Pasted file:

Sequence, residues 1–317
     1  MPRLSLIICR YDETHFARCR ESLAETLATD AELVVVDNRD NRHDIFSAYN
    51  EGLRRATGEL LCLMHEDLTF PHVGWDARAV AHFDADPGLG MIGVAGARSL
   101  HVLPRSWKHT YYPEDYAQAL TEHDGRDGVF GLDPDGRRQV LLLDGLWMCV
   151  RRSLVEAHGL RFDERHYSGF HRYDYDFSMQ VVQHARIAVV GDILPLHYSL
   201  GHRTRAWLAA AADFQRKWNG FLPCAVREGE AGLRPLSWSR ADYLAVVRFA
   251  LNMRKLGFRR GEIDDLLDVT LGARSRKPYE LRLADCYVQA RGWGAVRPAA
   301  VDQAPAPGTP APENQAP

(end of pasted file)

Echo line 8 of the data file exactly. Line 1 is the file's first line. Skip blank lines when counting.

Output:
   301  VDQAPAPGTP APENQAP